Population Based Integrated Care
This framework involves providing targeted, more specialized behavioral health services to a well defined, circumscribed group of primary care patients, such as patients with major depression. This is a major contemporary development in primary care medicine, i.e., the use of a “critical pathway”, “clinical roadmap” or “best practices” approach. Targets for this type of approach are usually patient populations with high frequency and/or high cost conditions such as depression, panic disorder and chemical dependency and certain groups of high medical utilizers. With respect to frequency, a complaint that is represented frequently in the population (like depression) is a good candidate for a special process of care. With respect to cost, some rare conditions are so costly that they require a special system of care, for example, patients with chronic behavioral health problems. A good example of this type of problem involves patients with Acquired Immune Deficiency Syndrome (AIDS). In the behavioral medicine arena, high utilizers of medical care, by definition, compose a small but costly group that often is the targets of integrated care programs. There also exist a variety of patient populations within a typical medical setting that can be effectively served through classroom and group programs on an integrated care model. Such programs might include hypertension education, bereavement groups, diabetes education and so forth.
Principle #3: Primary behavioral health services are based in and consistent with a primary behavioral health model.
The primary behavioral health model is capable of addressing the increased service demands likely to be encountered in a fully integrated primary care team practice setting. This approach involves providing services to primary care patients in a collaborative framework with primary care team providers. It may also involve engaging in the temporary co-management (with the primary care provider) of patients who require services that are more concentrated, but nevertheless can be managed in primary care. Both types of services are delivered as intervention for primary care clients who have behavioral health needs. If a client fails to respond to this level of intervention, or obviously needs specialized treatment, the patient is referred for more extended specialty care. Consistent with the service philosophy of primary care, the goal of primary behavioral medicine is to detect and address the broad spectrum of behavioral health needs in the primary care patient population, with the aims of early identification, quick resolution, long-term prevention and “wellness.”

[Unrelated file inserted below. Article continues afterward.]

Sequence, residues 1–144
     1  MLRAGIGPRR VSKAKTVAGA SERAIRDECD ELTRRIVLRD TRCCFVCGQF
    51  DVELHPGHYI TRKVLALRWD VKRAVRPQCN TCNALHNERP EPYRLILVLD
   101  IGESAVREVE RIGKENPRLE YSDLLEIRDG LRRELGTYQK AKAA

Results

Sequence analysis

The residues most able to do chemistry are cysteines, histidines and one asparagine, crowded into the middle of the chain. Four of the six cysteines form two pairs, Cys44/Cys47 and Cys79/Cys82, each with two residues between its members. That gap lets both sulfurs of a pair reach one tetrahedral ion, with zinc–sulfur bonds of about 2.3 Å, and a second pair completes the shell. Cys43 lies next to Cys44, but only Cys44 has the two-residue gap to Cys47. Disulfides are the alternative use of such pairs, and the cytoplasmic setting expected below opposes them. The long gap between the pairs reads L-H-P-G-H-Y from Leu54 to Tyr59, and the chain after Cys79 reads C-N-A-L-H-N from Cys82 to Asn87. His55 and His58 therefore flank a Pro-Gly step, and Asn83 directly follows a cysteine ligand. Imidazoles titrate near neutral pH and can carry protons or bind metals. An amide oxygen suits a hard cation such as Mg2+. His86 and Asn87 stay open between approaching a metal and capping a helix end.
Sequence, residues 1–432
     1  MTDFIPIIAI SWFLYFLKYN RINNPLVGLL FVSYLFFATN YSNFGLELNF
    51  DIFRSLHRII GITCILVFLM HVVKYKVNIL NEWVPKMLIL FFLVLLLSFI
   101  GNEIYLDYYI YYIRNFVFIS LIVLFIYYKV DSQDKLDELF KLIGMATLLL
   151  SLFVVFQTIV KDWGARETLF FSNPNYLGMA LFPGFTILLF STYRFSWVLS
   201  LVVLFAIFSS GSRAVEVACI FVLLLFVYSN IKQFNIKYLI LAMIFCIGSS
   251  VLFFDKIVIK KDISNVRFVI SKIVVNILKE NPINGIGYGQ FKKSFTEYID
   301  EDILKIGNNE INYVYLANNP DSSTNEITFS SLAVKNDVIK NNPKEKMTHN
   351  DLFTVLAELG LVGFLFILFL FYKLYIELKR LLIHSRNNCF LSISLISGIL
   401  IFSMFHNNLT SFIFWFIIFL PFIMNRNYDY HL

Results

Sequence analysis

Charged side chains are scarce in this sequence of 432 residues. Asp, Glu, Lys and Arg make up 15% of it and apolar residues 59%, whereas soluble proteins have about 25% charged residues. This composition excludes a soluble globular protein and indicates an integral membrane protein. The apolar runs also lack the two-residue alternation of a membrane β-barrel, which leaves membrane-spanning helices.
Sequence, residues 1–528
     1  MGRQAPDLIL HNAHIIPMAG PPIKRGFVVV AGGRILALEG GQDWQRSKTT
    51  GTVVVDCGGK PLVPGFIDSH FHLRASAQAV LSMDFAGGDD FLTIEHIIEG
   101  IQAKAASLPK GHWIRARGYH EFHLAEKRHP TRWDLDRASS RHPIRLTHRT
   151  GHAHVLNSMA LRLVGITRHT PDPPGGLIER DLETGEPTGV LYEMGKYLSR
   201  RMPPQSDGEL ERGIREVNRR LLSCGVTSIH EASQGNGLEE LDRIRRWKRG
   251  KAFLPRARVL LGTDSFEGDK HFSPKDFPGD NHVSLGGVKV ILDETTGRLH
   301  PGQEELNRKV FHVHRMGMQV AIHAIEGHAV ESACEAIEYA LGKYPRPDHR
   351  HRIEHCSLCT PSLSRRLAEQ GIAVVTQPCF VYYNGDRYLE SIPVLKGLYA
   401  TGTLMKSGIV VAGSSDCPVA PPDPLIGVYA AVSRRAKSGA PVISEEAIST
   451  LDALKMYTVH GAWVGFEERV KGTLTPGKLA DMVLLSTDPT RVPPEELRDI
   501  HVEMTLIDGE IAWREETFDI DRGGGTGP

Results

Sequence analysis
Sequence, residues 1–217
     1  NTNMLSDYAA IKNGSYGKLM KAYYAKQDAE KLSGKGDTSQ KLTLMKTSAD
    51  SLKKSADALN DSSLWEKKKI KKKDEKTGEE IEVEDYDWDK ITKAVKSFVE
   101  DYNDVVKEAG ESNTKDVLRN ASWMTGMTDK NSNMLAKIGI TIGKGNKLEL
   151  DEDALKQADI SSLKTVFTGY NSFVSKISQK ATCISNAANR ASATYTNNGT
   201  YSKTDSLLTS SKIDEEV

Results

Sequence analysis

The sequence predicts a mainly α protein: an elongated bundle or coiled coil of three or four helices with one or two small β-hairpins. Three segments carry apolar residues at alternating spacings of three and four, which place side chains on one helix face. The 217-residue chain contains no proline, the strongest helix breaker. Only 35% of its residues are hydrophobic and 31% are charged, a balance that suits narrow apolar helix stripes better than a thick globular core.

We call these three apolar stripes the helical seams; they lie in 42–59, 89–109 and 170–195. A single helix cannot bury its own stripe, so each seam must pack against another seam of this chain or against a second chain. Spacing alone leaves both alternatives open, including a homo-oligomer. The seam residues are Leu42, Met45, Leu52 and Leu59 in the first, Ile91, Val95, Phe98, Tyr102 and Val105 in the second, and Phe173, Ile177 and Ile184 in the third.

The Behavioral Health Consultant’s role is to support the ongoing behavioral health interventions of the primary care provider. The focus is on resolving problems within the primary care service context. In this sense, the behavioral health provider is a key member of the primary care team, functioning much like the consultative internal medicine specialist. Behavioral health visits are brief (usually 15-30 minutes), limited in number (usually 1-6 visits), and are provided in the primary care practice area, so that the client views meeting with the behavioral health consultant as a routine primary care service. The referring primary care provider is the chief “customer” of the service and, at all times, remains the overall care manager.
Principle #4: The Behavioral Health Consultant promotes a smooth interface between medicine, psychiatry, specialty mental health and other behavioral services.
The underpinning philosophy is that an effective, full continuum of behavioral services is necessary to match the client’s potential level of need with level of care. A major system goal is to use a set of triage practices to effectively determine which clients can best be managed within primary care, and which require coordinated referral to other behavioral services. This is a two-way conduit; the behavioral health consultant facilitates referral into appropriate specialty behavioral services, while providing liaison assistance as cases are transferred back from County Mental Health to primary care providers for ongoing management.